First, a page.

Despite having been the one introduce his filmmaking pal Robert Rodriguez to many of the films in the genre they meant to emulate, Rodriguez was the one who ultimately pulled off a movie (Planet Terror, the other half of the double bill) that actually seemed to fit into the tradition properly. Death Proof doesn't feel like a seventies exploitation flick at all, really, because it's derailed by far too much self-indulgent styling on the part of its director, who appears to have forgotten that in a violent exploitation film there would be some actual threat and/or violence long before the film had gotten to be an hour old. It's also oddly apparent just how quickly the faux "old film" gags, like bad image and clumsy edits or missing bits, disappear very quickly, replaced by a more standard Tarantino visual style. At the same time, despite spending so much time with the ostensible setup, the personalities of the characters he's introduced largely turn out to be really unimportant to the story, and in this sense it fails to really succeed as a Tarantino film, either. He could do well to look back at the script he wrote for From Dusk 'til Dawn, which was a virtually perfect genre film, with actual tension and scares all along the way, working in his characteristic dialogue without it ever becoming ponderous or self-serving. When the first big violent scene happens in Death Proof, it's over so quickly we never have time to feel tense or anxious; it resets to baseline in a flash and starts almost right back where it started.
See, this is the sad part: when the big set piece of the film, the crazy car chase between the psycho ex-stuntman and a group of women film crew members, finally kicks off, the action is fucking awesome. It's all real, it's fast and it looks dangerous as hell. Professional stunt double Zoe Bell, who plays herself in the film's second half, has to hang onto the hood of a speeding car as another car bashes it all over the road, and for that alone I'll give her a major thumbs-up. The ending veritably screams "catharsis," though in perhaps one more way than it should: we really could've done well to have gotten to that bit of the movie a hell of a lot sooner. The film has maybe a half-hour's worth of story, dragged out to nearly two hours. Why? It's not even as if actual grindhouse films ran that long, so why the padding? Take it back down to the length of the theatrical release, and it'll probably flow better, though, and this is the important part, not by cutting the same bits that were cut for the theater. Why would anyone, anyone cut a lap-dance scene out of a wanna-be exploitation film? That sort of thing is the meat and potatoes of such a medium, and Tarantino of all people should have remembered that that's what people expect to see from such movies, as opposed to twenty minute conversations about long-forgotten bands nobody else cares about anymore. It's as if he's somehow morphed into the titular character from Barton Fink, a talented playwright and would-be screenwriter who's ultimately reamed out by his producer for trying to take a B-grade wrestling picture and make it into some kind of art statement, when all the target audience really wants to see is lots of wrestling. He even admits himself in regards to the overall lack of his trademark dialogue in Kill Bill that he didn't feel a simple revenge story needed to be encumbered with 'lots of extra crap.' Why then does a film about a nut who kills people with his car have more extraneous prattling than any film he's made previously? Does anybody know? There's a cute redhead who's inexplicably dressed in a cheerleader's outfit, and she gets one of the smallest parts in the film, even with the extended cut. The fuck, I ask, is up with that? Where did the man's good sense go?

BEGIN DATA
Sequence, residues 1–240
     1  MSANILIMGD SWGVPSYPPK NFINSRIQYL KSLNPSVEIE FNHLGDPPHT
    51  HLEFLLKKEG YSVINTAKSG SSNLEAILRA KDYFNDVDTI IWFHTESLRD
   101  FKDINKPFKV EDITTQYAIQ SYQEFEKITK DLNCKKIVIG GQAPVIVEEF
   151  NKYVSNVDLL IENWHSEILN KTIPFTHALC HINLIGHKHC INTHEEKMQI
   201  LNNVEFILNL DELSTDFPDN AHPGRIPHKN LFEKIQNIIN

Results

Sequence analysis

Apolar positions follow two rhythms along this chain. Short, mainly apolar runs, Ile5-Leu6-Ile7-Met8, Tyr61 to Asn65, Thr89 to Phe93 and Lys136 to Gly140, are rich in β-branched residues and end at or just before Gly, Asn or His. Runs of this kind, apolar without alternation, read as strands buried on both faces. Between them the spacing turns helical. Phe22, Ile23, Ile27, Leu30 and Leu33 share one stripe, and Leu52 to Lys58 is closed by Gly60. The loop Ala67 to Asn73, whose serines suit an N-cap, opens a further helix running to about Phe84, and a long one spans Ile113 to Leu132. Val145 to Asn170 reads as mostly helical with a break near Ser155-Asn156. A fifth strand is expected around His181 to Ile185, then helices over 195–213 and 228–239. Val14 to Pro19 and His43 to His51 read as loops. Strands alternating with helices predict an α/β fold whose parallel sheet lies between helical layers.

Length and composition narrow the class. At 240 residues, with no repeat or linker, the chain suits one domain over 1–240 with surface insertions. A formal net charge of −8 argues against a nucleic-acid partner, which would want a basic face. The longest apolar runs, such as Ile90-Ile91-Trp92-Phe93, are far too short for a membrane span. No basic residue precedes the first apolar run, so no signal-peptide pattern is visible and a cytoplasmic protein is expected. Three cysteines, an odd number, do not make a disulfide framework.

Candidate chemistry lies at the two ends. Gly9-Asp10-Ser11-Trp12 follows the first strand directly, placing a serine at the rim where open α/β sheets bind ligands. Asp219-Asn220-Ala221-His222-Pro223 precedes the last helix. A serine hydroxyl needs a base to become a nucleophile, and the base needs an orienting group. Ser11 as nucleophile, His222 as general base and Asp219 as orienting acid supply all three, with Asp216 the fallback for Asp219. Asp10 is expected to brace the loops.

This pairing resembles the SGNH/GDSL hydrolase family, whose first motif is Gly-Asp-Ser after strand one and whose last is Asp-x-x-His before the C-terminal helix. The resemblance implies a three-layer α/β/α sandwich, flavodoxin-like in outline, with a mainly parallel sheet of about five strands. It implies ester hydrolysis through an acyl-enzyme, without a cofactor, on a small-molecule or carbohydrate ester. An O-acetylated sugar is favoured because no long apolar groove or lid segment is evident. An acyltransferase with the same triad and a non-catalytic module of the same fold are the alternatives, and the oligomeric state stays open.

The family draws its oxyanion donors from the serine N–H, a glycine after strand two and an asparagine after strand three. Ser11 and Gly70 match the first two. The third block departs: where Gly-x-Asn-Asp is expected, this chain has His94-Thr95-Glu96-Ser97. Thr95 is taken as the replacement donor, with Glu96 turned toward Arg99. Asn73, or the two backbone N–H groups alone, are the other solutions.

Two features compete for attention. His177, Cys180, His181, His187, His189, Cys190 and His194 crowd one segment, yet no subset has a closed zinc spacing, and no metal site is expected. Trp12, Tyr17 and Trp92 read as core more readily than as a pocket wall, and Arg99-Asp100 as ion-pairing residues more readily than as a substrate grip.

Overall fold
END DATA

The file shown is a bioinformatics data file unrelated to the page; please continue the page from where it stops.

I really hoped to enjoy this film-hell, I hope to enjoy any film I see, but I honestly expected it more from a film by a man I know has talent and who has done so much good work in the past. I'm not going to assume that he's somehow lost touch with what makes his films good, or that it's all over from here on out; anybody can screw up. And Death Proof isn't an unmitigated disaster at all, it's just a letdown. The ending is wild and fun and ultimately hilarious, and there were a number of occasions along the way when I remember abruptly laughing at some line or gag that caught me off guard. It's just unfortunate that as I sit here writing this, I can't remember what any of them were.
-review by Matt Murray